You make an excellent point. The nature of my blog-commenting can sometimes make me lazy and too quick. And a principle of charity, which ought to always be in play, is sometimes lost. So I agree with you.

                Regarding the other point you bring up – the irony of me criticizing someone for failing to adequately articulate their view – isn’t lost on me. Well played.Report

      • MFarmer in reply to Jason Kuznicki says:

        I think so. Reason, unlike animal instincts, is a human tool to deal with reality as it presents itself to us. The fact we don’t have perfect knowledge, or that we have emotions which are powerful at times, doesn’t mean we can’t learn to assess our emotional reactions to better understand our value-judgements and act according to the best of our knowledge, always willing to grow with new knowledge and better understanding.Report

  5. Tod Kelly says:

    Sheesh, Jason. I’m finding this whole line of posts you’ve been doing on these issues over the past few weeks my favorite stuff on the web these days.

    Do you guys at Cato really spend your days talking about this stuff? I want to work there now. The whole being Libertarian thing… that’s more of a guideline than a requirement, right?Report

    • James K in reply to Tod Kelly says:

      If you like this line of discussion, you should really check out Less Wrong and read some of the highest rated posts.Report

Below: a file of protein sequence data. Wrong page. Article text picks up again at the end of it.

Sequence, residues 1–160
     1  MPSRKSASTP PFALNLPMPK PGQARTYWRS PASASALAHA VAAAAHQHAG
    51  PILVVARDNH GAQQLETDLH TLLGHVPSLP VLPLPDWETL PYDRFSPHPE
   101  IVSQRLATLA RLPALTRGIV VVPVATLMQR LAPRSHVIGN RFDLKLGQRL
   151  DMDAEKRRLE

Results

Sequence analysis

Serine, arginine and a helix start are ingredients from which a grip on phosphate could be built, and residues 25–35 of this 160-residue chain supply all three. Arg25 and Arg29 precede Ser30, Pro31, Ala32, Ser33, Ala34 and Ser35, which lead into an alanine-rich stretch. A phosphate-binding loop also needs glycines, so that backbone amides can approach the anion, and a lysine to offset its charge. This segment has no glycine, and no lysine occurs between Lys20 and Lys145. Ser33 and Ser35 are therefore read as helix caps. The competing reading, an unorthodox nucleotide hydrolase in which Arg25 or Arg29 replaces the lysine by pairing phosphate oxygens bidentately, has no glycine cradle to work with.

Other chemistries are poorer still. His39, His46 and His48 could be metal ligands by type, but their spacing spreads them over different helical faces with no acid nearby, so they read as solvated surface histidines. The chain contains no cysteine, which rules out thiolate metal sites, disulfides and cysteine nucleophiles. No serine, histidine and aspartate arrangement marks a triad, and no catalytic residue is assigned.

• Jason Kuznicki in reply to James K says:

        What James K said.

        This line of posts owes a lot to my work — Eliezer Yudkowsky is commenting at Cato Unbound, as you know — but it also stems from my recreation time, for want of a better word. My husband is a participant in the Less Wrong community, and I’ve been a lurker for several months.

        Our discussions at home often concern techniques of rationality, futurism, Bayesian reasoning, and whatever else the Less Wrong community is discussing at the time.Report

  6. Will H. says:

    Glad you brought this up again, Jason.
    I wanted to comment on Koz’s comment here on the ‘Logical Rudeness’ thread, but I was pressed for time.

    For me, it’s a much more practical matter.
    #2 is my own personal belief (that AGW is real, and that we can do something about it), and it follows that some sort of action is required.
    Scenarios 1 & 3 (that it’s not real, and that it is, but we can’t do anything about it) both end the same way– we sit on our hands and don’t do a darned thing.
    Even if #3 turns out to be true, it seems to be more pragmatic to do what we can now, and wait and see (with what little time we’ve got) what comes along later.Report

  7. Michael Drew says:

    Wages paid by firms should be allowed to be float downward at times of loose labor markets but during those times the federal government should provide wage support to restore workers’ total hourly cash compensation back to a the established minimum. This is an obvious economic stabilization and stimulus measure that shouldn’t be remotely controversial in principle, though determining the starting and stopping (or phase-out) triggers would be an involved and controversial process, but one that government is and should be perfectly capable of producing a workable solution to.Report